In regard to the age of my “little dragon” introduced some weeks ago it can be only said that it dates to prehistoric actions at the Kvarnbo Hall site. Much better dating, well, almost the best dating an archaeologist can wish for is offered by two Islamic coins I have discovered!
The very first Islamic coins recovered on Åland were documented in Finström 1846 and after that the number of Islamic coins registered on Åland started to grow. By far the most remarkable of finds within this category was made in 12th of June 1876 when a hoard of over 800 Arabic silver coins was discovered in Bertby, Saltvik. Islamic coin finds of types other than hoards are more seldom, but still known, also, from a few settlement sites. And the Kvarnbo Hall site is now among the settlement sites where Islamic coins – two of them so far – have been discovered. Btw, at the very moment I discovered the first of these, which is just a tiny fragment measuring at most merely 1 centimeter, my first thought was that I must already be pretty mighty working with my metal detector if I manage to discover objects of such a modest dimension 😀
Gert Rispling from The Royal Coin Cabinet in Stockholm and Frida Ehrnsten from The Coin Cabinet at the Finnish National Board of Antiquities in Helsinki have both had a look at the Islamic coin fragments found from the Kvarnbo Hall site. According to their estimation, both coins are Abbasids i.e. coins from the time of the Abbasid Caliphate, and both have been struck before 833 AD. There is no other period in the history of the Islamic coin that exhibits greater diversity of types and variants than the first Abbasid period that lasted 132-218 AH / 750-833 AD. It was the time of the prosperity for the Caliphate and there were many coins with varying appearance minted – new types and variants of coins of that period are still being discovered.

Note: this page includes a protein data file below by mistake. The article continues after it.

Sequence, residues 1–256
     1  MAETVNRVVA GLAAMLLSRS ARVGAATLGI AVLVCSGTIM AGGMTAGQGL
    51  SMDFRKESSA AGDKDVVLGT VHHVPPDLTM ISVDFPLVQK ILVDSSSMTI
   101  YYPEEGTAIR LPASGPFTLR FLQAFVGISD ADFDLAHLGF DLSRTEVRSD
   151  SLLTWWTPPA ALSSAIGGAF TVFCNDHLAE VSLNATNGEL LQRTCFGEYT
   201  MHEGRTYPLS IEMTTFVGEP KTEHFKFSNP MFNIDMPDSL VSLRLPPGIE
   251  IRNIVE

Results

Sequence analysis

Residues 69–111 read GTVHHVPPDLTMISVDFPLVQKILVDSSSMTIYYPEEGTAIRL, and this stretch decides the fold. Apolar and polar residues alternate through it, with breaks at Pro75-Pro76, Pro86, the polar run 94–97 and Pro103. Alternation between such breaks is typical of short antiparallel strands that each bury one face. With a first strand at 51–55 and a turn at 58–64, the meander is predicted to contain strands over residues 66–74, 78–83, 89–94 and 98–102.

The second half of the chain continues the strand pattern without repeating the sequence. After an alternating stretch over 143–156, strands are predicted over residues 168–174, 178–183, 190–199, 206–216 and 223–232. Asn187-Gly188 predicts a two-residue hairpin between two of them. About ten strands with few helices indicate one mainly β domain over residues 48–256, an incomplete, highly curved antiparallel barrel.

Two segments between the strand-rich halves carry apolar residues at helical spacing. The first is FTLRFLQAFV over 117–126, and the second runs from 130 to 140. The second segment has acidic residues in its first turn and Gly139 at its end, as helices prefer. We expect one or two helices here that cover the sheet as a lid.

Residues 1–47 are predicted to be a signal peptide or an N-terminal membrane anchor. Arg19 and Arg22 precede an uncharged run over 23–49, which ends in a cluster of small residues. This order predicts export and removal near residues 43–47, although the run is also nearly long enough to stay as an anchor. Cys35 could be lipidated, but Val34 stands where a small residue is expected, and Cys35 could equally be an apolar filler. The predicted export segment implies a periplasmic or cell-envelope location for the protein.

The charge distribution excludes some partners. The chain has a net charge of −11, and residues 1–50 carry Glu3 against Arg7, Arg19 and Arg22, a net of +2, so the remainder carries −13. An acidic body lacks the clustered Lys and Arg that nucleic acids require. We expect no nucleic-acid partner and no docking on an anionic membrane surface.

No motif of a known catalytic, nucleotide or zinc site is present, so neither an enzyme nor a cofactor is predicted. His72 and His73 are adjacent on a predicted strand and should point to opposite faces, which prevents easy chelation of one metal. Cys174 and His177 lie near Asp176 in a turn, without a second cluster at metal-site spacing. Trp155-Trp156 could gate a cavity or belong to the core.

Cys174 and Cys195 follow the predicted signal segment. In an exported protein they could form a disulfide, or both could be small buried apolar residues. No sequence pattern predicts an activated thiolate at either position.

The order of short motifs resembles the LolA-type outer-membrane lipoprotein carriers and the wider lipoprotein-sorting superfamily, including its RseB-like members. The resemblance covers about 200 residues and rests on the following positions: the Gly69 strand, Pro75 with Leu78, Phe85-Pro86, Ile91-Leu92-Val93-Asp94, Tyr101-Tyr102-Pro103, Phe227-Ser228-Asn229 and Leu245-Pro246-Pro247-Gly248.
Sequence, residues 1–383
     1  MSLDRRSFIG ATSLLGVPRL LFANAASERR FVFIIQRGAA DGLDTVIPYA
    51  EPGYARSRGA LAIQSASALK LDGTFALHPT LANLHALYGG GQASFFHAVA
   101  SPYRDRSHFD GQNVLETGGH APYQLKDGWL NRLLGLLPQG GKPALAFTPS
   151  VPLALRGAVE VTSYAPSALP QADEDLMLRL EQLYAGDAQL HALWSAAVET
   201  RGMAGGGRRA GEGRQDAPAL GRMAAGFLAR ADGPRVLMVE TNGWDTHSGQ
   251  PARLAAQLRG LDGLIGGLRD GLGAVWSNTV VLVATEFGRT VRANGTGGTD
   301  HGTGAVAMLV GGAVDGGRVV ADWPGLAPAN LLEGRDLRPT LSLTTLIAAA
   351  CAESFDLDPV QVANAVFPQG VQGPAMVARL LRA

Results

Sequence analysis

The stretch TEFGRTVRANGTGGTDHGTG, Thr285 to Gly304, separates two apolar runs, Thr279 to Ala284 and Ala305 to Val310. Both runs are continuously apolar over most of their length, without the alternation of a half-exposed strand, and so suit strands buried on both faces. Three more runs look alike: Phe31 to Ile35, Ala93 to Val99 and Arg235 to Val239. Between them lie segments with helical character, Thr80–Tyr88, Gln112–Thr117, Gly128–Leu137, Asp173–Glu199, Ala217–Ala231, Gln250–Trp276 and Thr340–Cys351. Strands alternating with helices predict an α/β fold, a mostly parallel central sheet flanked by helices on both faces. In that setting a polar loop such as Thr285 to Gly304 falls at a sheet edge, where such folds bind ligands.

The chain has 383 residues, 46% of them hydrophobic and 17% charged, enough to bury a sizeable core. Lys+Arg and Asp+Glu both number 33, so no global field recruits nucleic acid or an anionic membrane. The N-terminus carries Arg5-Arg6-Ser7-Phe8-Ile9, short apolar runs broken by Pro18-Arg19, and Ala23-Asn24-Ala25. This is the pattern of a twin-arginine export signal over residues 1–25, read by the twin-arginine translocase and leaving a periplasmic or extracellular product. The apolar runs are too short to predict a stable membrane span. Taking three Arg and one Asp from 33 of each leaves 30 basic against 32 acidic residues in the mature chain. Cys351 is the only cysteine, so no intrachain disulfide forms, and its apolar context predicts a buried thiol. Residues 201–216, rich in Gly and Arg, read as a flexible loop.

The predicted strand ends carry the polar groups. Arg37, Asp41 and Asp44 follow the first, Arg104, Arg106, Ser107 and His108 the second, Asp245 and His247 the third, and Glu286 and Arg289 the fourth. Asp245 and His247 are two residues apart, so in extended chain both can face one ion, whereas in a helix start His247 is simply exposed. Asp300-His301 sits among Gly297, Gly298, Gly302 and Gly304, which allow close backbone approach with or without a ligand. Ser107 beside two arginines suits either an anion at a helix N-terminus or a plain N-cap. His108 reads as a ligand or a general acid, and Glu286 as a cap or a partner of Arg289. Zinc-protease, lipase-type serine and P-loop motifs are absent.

For obvious reasons, the smaller fragment of a coin found at the Kvarnbo Hall site poses greater challenge in terms of closer identification, however, Gert Rispling suggests it to have been minted around 194-200 AH / 810-816 AD, somewhere in today’s Iraq or Iran. But the larger fragment found at the Kvarno Hall site enables closer identification. It was estimated to have been coined by the caliph al-Amin who reigned in 193-198 AH / 809-813 AD, and the coin was minted in Madinat al-Salam (today’s Bagdad) in 196 AH / 811-812 AD. Btw, al-Amin’s reign meant no good for the Caliphate, as he had a violent conflict – civil war – with his half-brother al-Ma’mun that in turn generated other spin-off conflicts weakening the dynasty. Al-Ma’mun come out as a winner from that conflict and reigned until 218 AH / 833 AD.
Two Abbasids discovered at the Kvarnbo Hall site make a really nice complement to the artefact-based dating of the site.